Europe defends terrestrial spectrum against mobile intrusion

The World Radiocommunication Conferences have concluded in Geneva without finally resolving the issue of reallocating spectrum freed up by analogue terrestrial switch off, the so-called digital dividend.

The conference is staged at irregular intervals of a few years, the last being in 2007 and the next scheduled for 2015. As the 2012 (WRC 12) event drew to a close last week, the European Broadcast Union (EBU) lobbied hard to prevent more of the spectrum in the 694Hz – 862Hz range liberated in the digital dividend from being reallocated to mobile services in its global spectral region shared with Africa and the Middle East, given their proximity across the Mediterranean Sea.

The EBU argued not just to preserve some spectrum for digital terrestrial services that are widely deployed and used in Europe, but also for a careful review of spectrum in the light of advances in technology as well as changing cultural and political objectives, before committing to an approach that would dictate the fate of both mobile and terrestrial services for years to come. The argument here is that through emerging strategies for sharing spectrum and utilizing it more efficiently, it will be possible to meet the conflicting needs of all countries in the region.

Unlike Europe, many countries in Africa and the Middle East have not deployed terrestrial TV services significantly, and want to devote as much spectrum as possible to mobile telephony, which will also deliver TV services in some cases. Cellular deployments are, in a few countries, more advanced than in Europe, with Kenya, for example, already using mobile phones widely as remote payment devices. It was not surprising, then, that during WRC 12, these countries exerted pressure on delegates to allocate the 700MHz band between 694MHz and 790MHz to mobile services.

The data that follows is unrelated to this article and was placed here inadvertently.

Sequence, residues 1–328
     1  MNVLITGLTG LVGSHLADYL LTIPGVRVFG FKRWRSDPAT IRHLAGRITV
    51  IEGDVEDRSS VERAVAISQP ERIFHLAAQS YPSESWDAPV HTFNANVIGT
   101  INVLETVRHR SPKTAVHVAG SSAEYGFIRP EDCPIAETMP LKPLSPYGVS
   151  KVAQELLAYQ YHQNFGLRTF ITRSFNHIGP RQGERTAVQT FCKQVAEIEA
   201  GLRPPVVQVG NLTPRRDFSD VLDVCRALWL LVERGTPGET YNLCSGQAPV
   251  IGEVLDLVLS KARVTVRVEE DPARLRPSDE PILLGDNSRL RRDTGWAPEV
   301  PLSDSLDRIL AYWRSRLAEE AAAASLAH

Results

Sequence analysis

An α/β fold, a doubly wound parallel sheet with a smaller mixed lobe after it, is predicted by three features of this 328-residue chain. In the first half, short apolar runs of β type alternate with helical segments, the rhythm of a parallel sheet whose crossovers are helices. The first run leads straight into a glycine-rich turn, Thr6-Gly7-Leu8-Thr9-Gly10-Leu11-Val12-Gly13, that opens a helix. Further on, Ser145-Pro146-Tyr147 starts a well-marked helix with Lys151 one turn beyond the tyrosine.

This argument appears to have been carried, with the WRC announcing that use of the 790MHz-862MHz in Regions 1 and 3 would be given to mobile services. Region 1 comprises the whole of Europe plus the part of Russia in Asia, all of Africa, and the Middle East west of the Persian Gulf. It shares some borders with, and therefore often has the same allocations as, Region 3, comprising the rest of Asia along with Australasia. The other, region 2, is all the Americas, sharing no terrestrial borders with the rest.

The EBU indicated that this allocation will cause considerable problems in Europe, where the 700MHz band is widely used for terrestrial broadcasting, often with long-term licensing arrangements in place. Yet, WRC 12 went further by suggesting that at the 2015 conference, the possibility of additional spectrum allocations to mobile services will be considered. These will include International Mobile Telecommunications (IMT) to facilitate the development of terrestrial mobile broadband applications in the frequency band 694MHz – 790MHz. This issue has been placed on the WRC 15 agenda.

Europe’s only hope of salvaging something from the wreckage of WRC 12 perhaps lies in its idea of conducting a thorough spectrum inventory. This has been proposed in the Radio Spectrum Policy Program (RSPP) just approved by the European Parliament. It is Europe's five-year policy program to strategically plan and harmonize use of spectrum for the benefit of its own internal market.

The RSPP proposals have aimed to strike a fair balance, allowing mobile operators to increase wireless data traffic, while member states, in cooperation with the EU Commission, must ensure sufficient spectrum availability for broadcasting services. EBU members will therefore be able to continue to deliver and develop new innovative services and applications for EU audiences on terrestrial platforms.

The question now is whether RSPP has been scuppered by the decisions taken at WRC-12.